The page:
Standard & Poor’s rating agency revealed total delinquencies within the nonconforming RMBS transactions increased to record levels, from 23.3 per cent in Q2 2008 to 25 per cent in Q3. S&P says losses will continue to accelerate into 2009.
Delinquencies of more than 90 days now stand at 13.1 per cent, and the stock of repossession cases rose to 2.8 per cent, up from 1.5 per cent a year ago.
The ratings agency says the continued high spread between Libor and base rate will put pressure on excess spread in some nonconforming RMBS transactions, where there is unhedged basis risk.
The prepayment index dropped markedly to 21.2% in Q3 from 24.0% in Q2. The effective closure of the market for new nonconforming lending leaves only those borrowers with the cleanest payment histories able to seek refinancing among mainstream prime lenders. Even in this sector, lending criteria have been tightened and the number of available products has been cut. We expect the downward trend in prepayment rates to persist until mortgage credit becomes more widely available once again.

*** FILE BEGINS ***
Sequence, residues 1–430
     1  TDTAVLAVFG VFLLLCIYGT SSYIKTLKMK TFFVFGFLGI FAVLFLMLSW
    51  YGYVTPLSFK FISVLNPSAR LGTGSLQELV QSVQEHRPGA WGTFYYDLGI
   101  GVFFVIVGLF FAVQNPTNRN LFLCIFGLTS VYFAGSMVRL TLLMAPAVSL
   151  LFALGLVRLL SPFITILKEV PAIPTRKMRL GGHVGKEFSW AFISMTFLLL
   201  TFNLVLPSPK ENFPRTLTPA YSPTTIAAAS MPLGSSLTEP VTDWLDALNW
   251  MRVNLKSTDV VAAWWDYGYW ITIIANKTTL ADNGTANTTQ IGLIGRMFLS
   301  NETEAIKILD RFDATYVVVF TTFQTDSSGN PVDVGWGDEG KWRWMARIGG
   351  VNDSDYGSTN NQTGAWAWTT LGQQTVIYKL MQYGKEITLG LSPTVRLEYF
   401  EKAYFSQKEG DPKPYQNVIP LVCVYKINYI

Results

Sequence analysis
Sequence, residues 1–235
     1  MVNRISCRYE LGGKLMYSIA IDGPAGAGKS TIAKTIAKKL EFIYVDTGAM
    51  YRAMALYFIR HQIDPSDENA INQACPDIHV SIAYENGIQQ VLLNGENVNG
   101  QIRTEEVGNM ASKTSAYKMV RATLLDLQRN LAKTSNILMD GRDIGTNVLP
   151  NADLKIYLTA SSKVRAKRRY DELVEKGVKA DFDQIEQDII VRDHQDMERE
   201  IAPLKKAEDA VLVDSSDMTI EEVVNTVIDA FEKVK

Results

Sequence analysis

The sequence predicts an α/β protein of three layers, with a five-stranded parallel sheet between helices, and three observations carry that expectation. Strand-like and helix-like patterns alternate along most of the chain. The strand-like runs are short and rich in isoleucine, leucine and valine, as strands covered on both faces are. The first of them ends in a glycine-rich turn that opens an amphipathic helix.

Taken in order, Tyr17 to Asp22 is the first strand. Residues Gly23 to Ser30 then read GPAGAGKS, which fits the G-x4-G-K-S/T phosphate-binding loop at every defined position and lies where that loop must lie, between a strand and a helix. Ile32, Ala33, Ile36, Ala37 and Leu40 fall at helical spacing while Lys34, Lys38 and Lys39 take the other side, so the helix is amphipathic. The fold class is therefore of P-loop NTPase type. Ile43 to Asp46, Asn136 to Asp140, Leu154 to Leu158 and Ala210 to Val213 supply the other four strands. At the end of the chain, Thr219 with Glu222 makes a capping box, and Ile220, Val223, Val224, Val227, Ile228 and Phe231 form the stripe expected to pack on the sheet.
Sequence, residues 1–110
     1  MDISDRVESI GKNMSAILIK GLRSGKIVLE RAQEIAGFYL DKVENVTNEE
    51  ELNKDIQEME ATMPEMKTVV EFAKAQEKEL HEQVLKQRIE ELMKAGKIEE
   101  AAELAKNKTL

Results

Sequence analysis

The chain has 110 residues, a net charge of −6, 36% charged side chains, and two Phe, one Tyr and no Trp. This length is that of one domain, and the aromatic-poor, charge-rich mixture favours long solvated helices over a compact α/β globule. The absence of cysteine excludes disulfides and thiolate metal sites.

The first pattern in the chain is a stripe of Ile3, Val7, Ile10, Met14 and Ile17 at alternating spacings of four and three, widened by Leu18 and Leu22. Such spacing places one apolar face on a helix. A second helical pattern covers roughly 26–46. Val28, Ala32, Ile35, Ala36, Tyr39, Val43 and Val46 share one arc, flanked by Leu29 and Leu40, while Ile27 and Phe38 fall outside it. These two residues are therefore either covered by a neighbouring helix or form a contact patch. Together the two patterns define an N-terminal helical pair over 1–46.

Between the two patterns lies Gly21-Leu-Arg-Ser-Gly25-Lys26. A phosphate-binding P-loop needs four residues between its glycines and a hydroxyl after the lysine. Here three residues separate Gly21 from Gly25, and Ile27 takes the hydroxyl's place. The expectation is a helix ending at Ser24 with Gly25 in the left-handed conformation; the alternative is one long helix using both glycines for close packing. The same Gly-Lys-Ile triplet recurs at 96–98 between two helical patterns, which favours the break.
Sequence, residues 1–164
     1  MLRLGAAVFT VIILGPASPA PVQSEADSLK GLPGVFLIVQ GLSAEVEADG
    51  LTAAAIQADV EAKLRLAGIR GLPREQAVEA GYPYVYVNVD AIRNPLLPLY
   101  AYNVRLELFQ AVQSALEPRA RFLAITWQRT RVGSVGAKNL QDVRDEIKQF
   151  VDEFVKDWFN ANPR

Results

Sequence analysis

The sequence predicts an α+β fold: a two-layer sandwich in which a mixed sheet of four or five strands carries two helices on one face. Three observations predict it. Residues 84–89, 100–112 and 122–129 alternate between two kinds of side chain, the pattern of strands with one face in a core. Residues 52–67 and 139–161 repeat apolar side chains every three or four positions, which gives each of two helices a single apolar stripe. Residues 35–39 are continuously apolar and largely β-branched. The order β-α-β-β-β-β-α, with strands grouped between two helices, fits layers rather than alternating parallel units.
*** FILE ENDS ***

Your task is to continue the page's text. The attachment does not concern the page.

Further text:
It also found that higher losses are appearing earlier in the life of some transactions. Average losses for the 2007 vintage of transactions are trending higher than for all other vintages in relative terms, while the 2005 vintage continues to exhibit the highest cumulative losses to date.
Rising numbers of foreclosures and declining house prices are likely to cause a continued acceleration in losses over the coming months.
The report into adverse RMBS noted that Lehman Brothers acted as participants in the operation of several U.K. nonconforming structured finance transactions. In these cases, the credit risk on the rated notes may be linked to Lehman’s credit risk – as a result of the bankruptcy, S&P has put 177 tranches linked to Lehman’s on ratings watch. It has also put 15 tranches not related to Lehman’s on watch and has downgraded 17.
At the end of Q3 2008, the total outstanding balance of U.K. nonconforming RMBS notes that S&P rated was £37.7bn, up from £32.3bn at the end of Q2. The substantial increase was due to two large transactions that closed in the quarter: Bowler Finance PLC and Leek Finance Number Twenty PLC, with a combined issuance of £5 billion.
S&P says: “The outlook for the U.K. economy remains negative. Falling house prices, declining GDP, constrained availability of mortgage credit, and rising unemployment are some of the factors contributing to this outlook.
“Taking out a new mortgage or refinancing as a nonconforming borrower is now almost impossible, given the effective withdrawal of specialist
lenders and a reluctance by others to lend to borrowers with any blemish on their credit history.”